impress others." (Analects XIV)
Confucius's student Fan Chi once respectfully asked his teacher: "What is benevolence?" The
teacher answered in two words. "Loving people." Loving other people is benevolence. Fan Chi
asked again: "What is this thing called wisdom?" The teacher said: " Knowing people." The
understanding of others is called wisdom.
Confucius never advocated taking up with rich or powerful people. Instead, he favoured
making friends with people who can perfect your moral character, increase your self-
cultivation and enrich your inner self.
As we move through life, it is hard for us to avoid things that cause regret and
disappointment. We may lack the strength to change this, but what we can change is the
attitude with which we approach these setbacks.
Where does self-confidence come from? It comes from a practical and steady sense of inner
calm, an easy unhurried bearing that is the mark of the true junzi.
Confucius said: "The junzi is easy of mind, while the small man is always full of anxiety."
If you want to understand someone, you only have to look at their circle of friends, which will
tell you what their values and priorities are - after all, as is often shown, birds of a feather
To be able to reflect on one's own failings and work bravely to put them right, this is the true
courage promoted by Confucius and his followers.
What kind of people are benevolent? What kind of people are superior men? Confucius said:
"Resoluteness, persistence, simplicity and slowness to speak are close to benevolence."
You should make friends with people who are calm and matter-of-fact. They will help you
take the long view of temporary victories and defeats, overcome the temptations of material
things, obtain spiritual comfort, and find a place of repose and respite for the soul.
"A superior man (junzi) is ashamed of talking more than doing." This has since become the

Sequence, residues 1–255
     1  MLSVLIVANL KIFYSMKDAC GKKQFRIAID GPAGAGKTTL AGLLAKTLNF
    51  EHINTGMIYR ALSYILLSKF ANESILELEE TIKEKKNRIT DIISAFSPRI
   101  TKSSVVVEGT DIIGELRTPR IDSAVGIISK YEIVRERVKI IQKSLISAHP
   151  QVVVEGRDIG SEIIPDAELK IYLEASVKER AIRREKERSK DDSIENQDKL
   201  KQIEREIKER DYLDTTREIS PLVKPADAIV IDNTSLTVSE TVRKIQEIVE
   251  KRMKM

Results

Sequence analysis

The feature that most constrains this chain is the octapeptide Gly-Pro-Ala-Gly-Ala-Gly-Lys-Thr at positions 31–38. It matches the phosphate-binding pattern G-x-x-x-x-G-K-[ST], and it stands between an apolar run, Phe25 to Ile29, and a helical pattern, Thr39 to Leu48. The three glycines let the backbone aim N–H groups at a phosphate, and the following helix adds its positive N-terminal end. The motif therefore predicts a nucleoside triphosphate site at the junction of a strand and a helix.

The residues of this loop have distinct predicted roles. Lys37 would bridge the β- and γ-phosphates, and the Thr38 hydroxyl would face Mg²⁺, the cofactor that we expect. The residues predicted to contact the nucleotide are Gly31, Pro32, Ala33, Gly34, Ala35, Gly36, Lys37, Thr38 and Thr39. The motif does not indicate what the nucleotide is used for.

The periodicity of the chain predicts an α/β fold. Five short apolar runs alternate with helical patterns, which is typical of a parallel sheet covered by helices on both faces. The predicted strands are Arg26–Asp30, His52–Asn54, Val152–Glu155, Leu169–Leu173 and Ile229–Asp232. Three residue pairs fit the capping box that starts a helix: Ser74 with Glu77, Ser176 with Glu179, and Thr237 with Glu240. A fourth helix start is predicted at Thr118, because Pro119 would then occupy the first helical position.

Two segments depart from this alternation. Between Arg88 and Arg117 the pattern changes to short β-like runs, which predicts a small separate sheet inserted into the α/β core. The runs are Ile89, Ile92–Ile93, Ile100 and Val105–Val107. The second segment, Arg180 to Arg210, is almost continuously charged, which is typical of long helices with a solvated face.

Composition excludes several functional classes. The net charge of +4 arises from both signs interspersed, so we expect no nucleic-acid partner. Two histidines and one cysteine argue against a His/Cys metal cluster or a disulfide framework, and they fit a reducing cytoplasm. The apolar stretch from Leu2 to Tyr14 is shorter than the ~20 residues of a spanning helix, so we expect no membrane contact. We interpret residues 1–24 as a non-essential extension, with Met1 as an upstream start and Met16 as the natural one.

Chinese idiom: yan guo qi xing (more talk than action). If a man talks more than he does, a
superior man would regard it as a shame.
Confucius said: "The Three Armies can be deprived of their commanding officer, but even a
common man cannot be deprived of his purpose" (Analects IX) This is often quoted and it
tells us that a person's goals are of the utmost importance, for they determine the
development and direction of their whole life.
He is the sort of man who forgets to eat when he tries to solve a problem that has been
driving him to distraction, who is so of full of joy that he forgets his worries and who does not
notice the onset of old age.
Confucius about himself
A truly superior man (junzi), after understanding something thoroughly, aspires to achieve an
even higher standard. He doesn't tie himself down to a fixed job or a minor role. He is flexible.
He progresses with the times. He constantly adjusts himself according to major changes in
A good friend is like a book. It can open up a whole world for you.
Confucius did not like to talk about things like gods and spirits, because his attention was
focused on real, tangible behaviour. When Zilu asked him once about ghosts and spirits,
Confucius said calmly: "You are not able even to serve man. How can you serve the spirits?"
You can't even get living people's business straight in your head; how can you think of going
to honour dead people? That is to say, before you start to study you should keep things
simple, beginning with what is in front of you. Don't immediately go pondering empty,
profound things. Zilu was not ready to give up, and said: "May I ask about death?" Again,
Confucius said serenely: "You do not even understand life. How can you understand death?"